The short run will raise issues that must be tackled for the global good, lest it spawn other social problems. Over the long run, driven by the human instinct for survival, we may be able to adapt to the negative externalities of technology while leveraging benefits for the common good. The question then is: How long is the short run?

If employment is a massive concern, another is narrative control and the perpetuation of existing biases. Asked how India could leverage its demographic dividend, OpenAI’s generative AI ‘chatbot’ ChatGPT responded that many young people in India were unable to find jobs, leading to social unrest. At its current level of sophistication, ChatGPT produces drivel that at best recapitulates most of the pointless negative English-language commentary on India in the global media. Disconnected from reality, or even from the lens of an objective human who has the wherewithal to think across time and space, the chatbot does not acknowledge alternative thoughts on progress in India, be it on literacy, school enrolment, social mores, or employability and skilling.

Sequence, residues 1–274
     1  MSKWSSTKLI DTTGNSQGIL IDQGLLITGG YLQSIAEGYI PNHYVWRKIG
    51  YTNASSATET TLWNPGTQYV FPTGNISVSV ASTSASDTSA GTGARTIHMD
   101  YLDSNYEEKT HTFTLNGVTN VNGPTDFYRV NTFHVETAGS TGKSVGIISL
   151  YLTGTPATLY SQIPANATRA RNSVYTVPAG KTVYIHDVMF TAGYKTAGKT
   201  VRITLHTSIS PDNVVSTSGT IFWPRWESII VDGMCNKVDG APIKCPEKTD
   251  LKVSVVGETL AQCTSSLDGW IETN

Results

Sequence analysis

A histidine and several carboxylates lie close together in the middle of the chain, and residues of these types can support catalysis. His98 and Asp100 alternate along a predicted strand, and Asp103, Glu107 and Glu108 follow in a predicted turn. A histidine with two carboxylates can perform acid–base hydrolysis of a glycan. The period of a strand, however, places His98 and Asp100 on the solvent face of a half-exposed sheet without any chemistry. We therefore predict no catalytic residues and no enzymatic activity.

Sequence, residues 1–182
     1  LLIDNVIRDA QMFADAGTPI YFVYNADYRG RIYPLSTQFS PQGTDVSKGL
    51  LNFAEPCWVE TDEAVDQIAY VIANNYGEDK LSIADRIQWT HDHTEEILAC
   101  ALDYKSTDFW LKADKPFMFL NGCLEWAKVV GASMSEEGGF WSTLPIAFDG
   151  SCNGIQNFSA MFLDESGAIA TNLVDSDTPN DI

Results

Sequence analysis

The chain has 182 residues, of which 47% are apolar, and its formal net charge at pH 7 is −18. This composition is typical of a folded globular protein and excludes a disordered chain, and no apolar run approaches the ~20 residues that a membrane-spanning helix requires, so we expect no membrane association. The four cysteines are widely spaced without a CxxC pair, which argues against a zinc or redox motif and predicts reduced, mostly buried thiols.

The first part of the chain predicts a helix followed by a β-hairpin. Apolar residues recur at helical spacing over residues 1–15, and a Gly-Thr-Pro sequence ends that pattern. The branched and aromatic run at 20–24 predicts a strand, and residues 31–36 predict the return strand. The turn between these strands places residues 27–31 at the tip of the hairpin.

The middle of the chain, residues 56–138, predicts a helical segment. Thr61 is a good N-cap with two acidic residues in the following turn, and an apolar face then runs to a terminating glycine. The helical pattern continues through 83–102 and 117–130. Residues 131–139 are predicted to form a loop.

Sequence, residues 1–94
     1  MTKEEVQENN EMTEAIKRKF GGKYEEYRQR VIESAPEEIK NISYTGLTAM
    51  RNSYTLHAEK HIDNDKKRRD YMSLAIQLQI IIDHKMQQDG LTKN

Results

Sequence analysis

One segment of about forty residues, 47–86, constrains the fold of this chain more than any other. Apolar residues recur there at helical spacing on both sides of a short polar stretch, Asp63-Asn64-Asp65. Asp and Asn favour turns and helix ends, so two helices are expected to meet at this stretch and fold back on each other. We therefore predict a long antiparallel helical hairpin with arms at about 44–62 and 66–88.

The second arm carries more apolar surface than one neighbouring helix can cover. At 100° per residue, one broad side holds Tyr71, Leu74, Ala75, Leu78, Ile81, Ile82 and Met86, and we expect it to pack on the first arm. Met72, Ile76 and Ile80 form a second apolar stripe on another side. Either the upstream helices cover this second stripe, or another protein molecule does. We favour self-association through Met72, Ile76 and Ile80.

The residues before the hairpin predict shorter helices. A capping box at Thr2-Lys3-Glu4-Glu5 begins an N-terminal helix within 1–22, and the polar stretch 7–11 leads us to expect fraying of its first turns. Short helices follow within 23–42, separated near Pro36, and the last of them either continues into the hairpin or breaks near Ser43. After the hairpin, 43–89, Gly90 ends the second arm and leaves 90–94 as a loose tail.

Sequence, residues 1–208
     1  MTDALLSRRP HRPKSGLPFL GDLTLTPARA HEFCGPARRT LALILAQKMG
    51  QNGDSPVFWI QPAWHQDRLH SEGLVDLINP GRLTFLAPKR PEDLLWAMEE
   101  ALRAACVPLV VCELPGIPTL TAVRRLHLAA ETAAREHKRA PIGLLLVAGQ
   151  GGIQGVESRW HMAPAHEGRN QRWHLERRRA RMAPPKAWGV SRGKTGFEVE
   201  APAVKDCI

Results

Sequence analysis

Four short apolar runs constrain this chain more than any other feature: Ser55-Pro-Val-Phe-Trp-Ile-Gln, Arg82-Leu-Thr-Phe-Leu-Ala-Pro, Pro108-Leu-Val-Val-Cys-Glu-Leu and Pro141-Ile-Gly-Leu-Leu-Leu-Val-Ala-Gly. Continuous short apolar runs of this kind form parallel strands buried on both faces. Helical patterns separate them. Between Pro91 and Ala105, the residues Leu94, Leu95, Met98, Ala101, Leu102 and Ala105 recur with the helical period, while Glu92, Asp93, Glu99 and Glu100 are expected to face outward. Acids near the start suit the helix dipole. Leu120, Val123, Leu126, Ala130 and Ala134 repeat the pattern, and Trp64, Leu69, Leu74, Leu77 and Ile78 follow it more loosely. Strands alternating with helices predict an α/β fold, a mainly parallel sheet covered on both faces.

This is the biggest risk of AI-generated intellectual content. It is going to perpetuate a predominant narrative—the globally dominant view. Its ‘search engine’ may be set to present a particular slant, as is already documented in the case of ChatGPT, which is said to carry the left-leaning biases of its makers (

The speed with which AI is learning from its own generated content is so rapid that it would soon run out of real-world data to rely on. Generating synthetic data to create ‘synthetic intelligence’ is amusing at best and alarming at worst. If the supremacy of the view of ‘the one who holds the code’ wasn’t enough, there is enough evidence to show that AI often lies (“hallucinates" is the euphemism used by the AI industry). The process by which AI generates new content is based on related text in ‘latent spaces’. So it can throw up related but wrong information ( Dwell on the implications of all this, and one would realize that we risk the homogenization of entrenched social, political and economic narratives with the added problem of potential prevarication over data/facts that may be taken by users as true.

In sum, whether AI exterminates human civilization will depend on who we are as a species and to what extent we allow it to enslave us.

These are the authors’ personal views.

V. Anantha Nageswaran & Aparajita Tripathi are, respectively, chief economic advisor, Government of India; and consultant, ministry of finance.